Category Archives: Americana

Expectation Breakers


Who would have thought that Harmony Korine’s candy-colored fleshfest “Spring Breakers” would be so unsatisfying?  But that seems to be the point.  While watching the movie I kept searching for ways to “make it work” but couldn’t.  Not as a bacchanal – I found the quick cuts clinical and unsexy.  Not as a gangster movie – James Franco was more clown than crime boss.  Not as a parody – it’s too dreamlike and not funny enough. Not even as Korine’s standard detached documentary – the characters have no depth, there are no real connections.

“Julien Donkey-Boy”, a previous Korine film also featuring dysfunctional weirdos,  offers moments of real emotional connection.  There’s a touching scene where Chloe Sevigny is pretending to channel the deceased mother of Julien (Ewen Bremner).   But in “Spring Breakers” everything is detached and suspect, you can never quite believe what is happening onscreen.  Would four naive-seeming co-eds don ski masks and rob a restaurant with squirtguns and a mallet?  Would they exalt afterwards?

Throughout the film Korine has you asking such questions.  Every time you think the film is hewing to a narrative type (coming-of-age, redemption, documentary) you are thrown off base.  So James Franco’s “Alien” character initially seems ridiculous, then briefly menacing.  The next time you see him he’s jumping up and down on a bed while holding on to two machine guns saying “Look at my shit!” in a very non-menacing, non-gangster way.  This is not an organic change, it’s just an inconsistency.

Motion in this movie is created by the scrambling of these filmic conventions, rather than through character development.  This feels unsatisfying, and throws into relief the tacit agreement we ordinarily make with films: a willingness to trade the enjoyment that comes from having unspoken conventions met – for example the revenge narrative – in exchange for accepting poor writing, no semblance of real life, and a conventional, cowardly point-of-view.

Other disruptive films, for some reason I think of atmospheric French films, simply deny the viewer the usual pleasurable sign-posts.  Spring Breakers shows them in brightly-colored glory, only to have them fade and blur in close-up.



Down the River: The De-Evolution of Boy Scout Handbooks












I’ve always admired the austerity and simplicity of the 8th edition of the Boy Scout Handbook (1972-76), which I read during my harrowing time in the Scouts.  The subtle greens and no-nonsense font complement the inside illustrations, which are impressionistic line drawings:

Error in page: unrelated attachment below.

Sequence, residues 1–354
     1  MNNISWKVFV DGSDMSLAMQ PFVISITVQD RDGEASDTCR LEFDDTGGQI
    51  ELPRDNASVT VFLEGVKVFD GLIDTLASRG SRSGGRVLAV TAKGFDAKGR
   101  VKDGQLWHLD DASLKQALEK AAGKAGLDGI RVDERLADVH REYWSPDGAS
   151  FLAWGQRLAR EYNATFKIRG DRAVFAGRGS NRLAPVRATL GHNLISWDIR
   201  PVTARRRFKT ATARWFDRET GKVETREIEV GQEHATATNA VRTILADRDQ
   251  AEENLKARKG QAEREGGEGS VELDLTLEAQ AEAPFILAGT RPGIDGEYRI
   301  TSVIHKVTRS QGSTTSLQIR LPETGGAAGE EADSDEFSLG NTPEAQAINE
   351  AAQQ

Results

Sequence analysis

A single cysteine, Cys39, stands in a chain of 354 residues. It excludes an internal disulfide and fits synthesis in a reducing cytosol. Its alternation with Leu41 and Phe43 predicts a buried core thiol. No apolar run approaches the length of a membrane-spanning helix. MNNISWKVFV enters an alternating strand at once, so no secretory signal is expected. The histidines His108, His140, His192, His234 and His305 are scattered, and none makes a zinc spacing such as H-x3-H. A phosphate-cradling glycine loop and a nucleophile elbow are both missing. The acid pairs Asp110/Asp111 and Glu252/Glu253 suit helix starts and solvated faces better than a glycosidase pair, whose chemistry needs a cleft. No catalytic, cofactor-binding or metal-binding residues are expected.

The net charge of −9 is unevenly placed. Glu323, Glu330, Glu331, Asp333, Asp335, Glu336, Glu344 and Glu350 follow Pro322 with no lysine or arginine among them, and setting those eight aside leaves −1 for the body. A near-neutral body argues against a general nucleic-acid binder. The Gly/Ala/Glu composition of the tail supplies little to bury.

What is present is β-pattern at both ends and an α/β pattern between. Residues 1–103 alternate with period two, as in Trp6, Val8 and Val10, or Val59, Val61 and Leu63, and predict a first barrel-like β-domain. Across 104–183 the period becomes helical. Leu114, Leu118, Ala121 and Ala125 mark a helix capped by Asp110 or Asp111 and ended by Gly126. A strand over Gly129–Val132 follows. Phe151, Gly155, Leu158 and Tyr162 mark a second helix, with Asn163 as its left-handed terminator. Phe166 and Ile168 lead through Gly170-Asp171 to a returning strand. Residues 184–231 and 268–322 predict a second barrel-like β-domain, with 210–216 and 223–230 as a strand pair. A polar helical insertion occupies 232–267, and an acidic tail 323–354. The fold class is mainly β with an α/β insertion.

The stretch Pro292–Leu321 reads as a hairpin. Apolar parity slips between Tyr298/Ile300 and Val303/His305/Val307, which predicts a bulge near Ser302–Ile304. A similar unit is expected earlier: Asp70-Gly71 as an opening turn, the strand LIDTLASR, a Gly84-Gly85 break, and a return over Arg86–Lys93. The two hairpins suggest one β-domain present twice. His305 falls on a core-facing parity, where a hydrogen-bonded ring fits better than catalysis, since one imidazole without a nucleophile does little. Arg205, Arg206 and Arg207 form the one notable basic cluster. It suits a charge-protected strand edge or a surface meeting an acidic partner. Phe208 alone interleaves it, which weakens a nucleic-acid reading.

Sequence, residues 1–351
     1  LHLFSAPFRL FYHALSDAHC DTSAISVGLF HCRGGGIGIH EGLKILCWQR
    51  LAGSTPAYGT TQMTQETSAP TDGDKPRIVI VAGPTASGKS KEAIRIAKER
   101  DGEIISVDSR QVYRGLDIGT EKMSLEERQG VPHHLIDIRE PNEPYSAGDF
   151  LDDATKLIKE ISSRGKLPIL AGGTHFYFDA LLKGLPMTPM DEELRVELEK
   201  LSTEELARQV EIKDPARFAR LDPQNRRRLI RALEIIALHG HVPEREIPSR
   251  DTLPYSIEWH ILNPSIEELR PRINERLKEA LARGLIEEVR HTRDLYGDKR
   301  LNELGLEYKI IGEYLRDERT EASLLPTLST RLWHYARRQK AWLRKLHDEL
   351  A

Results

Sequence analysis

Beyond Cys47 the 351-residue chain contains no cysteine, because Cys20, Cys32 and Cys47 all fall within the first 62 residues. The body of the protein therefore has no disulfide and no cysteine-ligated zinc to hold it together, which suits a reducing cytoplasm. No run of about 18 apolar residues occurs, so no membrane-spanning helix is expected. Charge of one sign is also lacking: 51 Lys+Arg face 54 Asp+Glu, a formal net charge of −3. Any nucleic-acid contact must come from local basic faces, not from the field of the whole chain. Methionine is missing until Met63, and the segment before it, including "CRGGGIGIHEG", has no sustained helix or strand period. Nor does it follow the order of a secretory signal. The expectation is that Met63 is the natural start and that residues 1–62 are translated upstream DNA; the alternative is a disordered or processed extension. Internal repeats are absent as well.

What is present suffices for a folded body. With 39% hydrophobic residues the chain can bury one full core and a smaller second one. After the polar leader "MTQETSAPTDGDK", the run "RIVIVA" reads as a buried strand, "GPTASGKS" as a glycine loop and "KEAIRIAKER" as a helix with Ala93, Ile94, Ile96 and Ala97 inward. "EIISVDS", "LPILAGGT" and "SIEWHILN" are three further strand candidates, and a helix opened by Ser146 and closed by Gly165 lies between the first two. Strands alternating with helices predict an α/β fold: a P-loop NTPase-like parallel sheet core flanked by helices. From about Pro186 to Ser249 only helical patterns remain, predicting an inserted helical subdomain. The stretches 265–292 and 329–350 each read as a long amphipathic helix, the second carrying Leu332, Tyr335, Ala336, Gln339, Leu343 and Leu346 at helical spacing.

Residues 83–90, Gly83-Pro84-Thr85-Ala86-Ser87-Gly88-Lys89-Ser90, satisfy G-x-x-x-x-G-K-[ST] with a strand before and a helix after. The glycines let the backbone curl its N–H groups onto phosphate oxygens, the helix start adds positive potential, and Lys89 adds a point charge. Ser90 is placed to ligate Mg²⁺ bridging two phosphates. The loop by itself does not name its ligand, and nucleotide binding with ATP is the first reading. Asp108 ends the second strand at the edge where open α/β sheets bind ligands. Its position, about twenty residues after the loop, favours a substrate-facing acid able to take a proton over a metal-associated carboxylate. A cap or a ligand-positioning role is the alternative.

There is a sophistication that works nicely with the simplicity of the Handbook’s messages: Be a good person.  Be a good citizen.  And the artistry of the  drawings – check out the tension lines on the boy’s pants above, how they meander outside border –  suggest a respect for the (young) reader’s imagination.  There’s a purposeful ambiguity at times: is the boy above Asian or White?  Hispanic?

Although I had a mostly-negative experience with Scouting, my Scoutmasters quit the troop and we disbanded, I continue to enjoy the magical aspirational quality that started with Baden-Powell.  The 8th edition captures this wonderfully.   The design style and artwork tell the reader “This is how things could be.” rather than “This is how things are.”   To any child growing up in the 70’s it was very apparent that the simple wholesome life portrayed by Scouting was at direct odds with the zeitgeist, which was suffused not only with the collapse of traditional values, but also with the collapse of 60’s idealism, which was an alternative set of values whose demise was particularly painful to youth due to its greater respect for children. I can remember when I very young, having “hippies” bending down to speak to me as if I were a person with an opinion, something the “straight” adults rarely did.

What a treat then, to be offered a world that both traditional values and alternative design.  And with a philosophy that looked hopefully to the future:









And in berets no less.  Yet never resorting to comic-book exaggeration, instead offering a reassuring adult sensibility.


Today’s Handbook, in comparison, is a 4th of July Happy Meal that someone has dropped on the ground:












The first thing you notice is that almost half of the cover is taken up by the patriotic tableaux of a confused looking bald eagle in front of a pixelated American flag.  The eagle looks anxious, as if the inflatable boat is about to come crashing down upon its head.  The Scouts are unidentifiable as scouts, they could be any campers or just kids out on a rafting trip.

This cover reflects anxiety.  The action is down, not up to the stars.  The visual metaphor that today’s youth are being sent “down the river”, that there is no solid ground under them.  And the demographic reality is that they will be forced to prop up the aging population, with few benefits or social safety net of their own.  The eagle has good reason to be anxious.

The imagery is realistic, like a photograph.  It says “This is how things are.” which undermines the beautiful (and useful) fiction that the 8th Edition captured so tenderly and  knowingly.

For something from the WWII era, check out this illustration from my father’s Boy Scout Handbook: